Luke gives the longer account, which he must have got from Mary herself, as no-one else is present besides the angel.  (The story is also told in Matthew’s Gospel,  from Joseph’s perspective.)  God sends an angel to Mary, he comes to her (already slightly surprising, as she is alone) and greets her respectfully. ‘But she was greatly troubled at the saying and considered in her mind what sort of greeting this might be’.  There is no panic, but she is aware that something strange is happening.  She is brave, and no fool.  This action is typical of Mary; she is someone who listens, observes, and then thinks about the significance of what is happening. She ‘ponders all these things in her heart’, as it says later.

Look at these lovely curves, and the way the two hands are heading together (Botticelli)

The angel tells her not to be afraid.  This is a very human touch in this scene where the divine is breaking in upon the human.  Maybe Mary had to sit down.  Angels seem to start by telling people not to be afraid quite often (e.g. the shepherds at Bethlehem), but of course we don’t know what they looked like, and traditionally Mary’s angel is one of the archangels, so presumably impressive, even in a kneeling position.  Gabriel tells her that she has found favour with God and she will bear a son who will be called the Son of the Most High and fulfil all the prophecies about the Messiah, which of course Mary recognises.  She knows the context; she knows what this means.  Her response is a question about the practicalities : ‘How can this be, since I have no husband?’  and Gabriel answers that God will see to all that, nothing is impossible for him and tells her about her older, barren cousin’s pregnancy to illustrate the point.  And then the crucial moment : ‘And Mary said,’ Behold I am the handmaid of the Lord; let it be to me according to your word.’  And the angel left her.’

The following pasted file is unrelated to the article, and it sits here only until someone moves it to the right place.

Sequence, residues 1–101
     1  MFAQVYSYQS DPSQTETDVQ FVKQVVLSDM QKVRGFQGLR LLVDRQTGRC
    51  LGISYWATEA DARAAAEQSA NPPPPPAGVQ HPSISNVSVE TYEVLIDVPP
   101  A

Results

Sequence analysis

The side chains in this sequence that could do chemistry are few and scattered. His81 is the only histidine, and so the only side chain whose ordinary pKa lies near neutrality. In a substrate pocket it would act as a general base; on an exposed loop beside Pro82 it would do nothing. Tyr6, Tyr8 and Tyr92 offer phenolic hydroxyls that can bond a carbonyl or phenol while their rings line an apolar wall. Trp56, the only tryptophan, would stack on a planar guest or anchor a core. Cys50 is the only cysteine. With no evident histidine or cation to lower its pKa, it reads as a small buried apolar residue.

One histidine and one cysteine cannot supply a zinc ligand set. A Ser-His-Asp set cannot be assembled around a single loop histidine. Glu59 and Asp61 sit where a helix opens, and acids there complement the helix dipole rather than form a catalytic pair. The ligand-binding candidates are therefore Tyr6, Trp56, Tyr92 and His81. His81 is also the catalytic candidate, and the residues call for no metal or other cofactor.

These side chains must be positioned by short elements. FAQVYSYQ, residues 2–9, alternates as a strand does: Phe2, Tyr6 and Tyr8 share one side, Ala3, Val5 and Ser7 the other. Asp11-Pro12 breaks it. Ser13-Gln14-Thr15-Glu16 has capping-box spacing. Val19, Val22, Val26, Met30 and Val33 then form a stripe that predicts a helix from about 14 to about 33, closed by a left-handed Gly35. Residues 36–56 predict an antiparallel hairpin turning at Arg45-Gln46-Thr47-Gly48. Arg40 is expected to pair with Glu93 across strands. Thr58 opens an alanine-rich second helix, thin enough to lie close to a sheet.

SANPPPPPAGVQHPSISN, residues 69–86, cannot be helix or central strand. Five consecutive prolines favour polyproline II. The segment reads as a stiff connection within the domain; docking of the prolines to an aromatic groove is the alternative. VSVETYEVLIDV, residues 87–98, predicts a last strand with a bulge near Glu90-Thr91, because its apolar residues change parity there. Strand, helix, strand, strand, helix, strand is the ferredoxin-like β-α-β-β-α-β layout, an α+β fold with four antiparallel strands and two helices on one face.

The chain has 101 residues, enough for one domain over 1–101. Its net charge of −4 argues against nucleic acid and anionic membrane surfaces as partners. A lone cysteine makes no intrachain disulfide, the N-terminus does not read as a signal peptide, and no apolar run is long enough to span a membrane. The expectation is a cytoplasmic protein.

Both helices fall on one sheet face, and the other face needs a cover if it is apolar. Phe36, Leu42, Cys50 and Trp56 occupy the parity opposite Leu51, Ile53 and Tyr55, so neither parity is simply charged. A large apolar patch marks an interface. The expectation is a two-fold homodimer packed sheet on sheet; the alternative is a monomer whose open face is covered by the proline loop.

What we don’t know, of course, is whether there was any other conversation or discussion, but I think probably not, because what would you say?  The angel tells Mary what the plan is, and she only has to say yes or no.  The most important things we say tend to be the simplest: I love you, will you marry me, goodbye, please take care; and yes or no.  And she’s not just a vessel (whatever the early Church Fathers say about this, with their strange physiological ideas), or a passive victim in any way; it is hard to think of anything more active and engaged than having a child and looking after it yourself.

Just hold the baby, while I down a devil : Mary in a more active role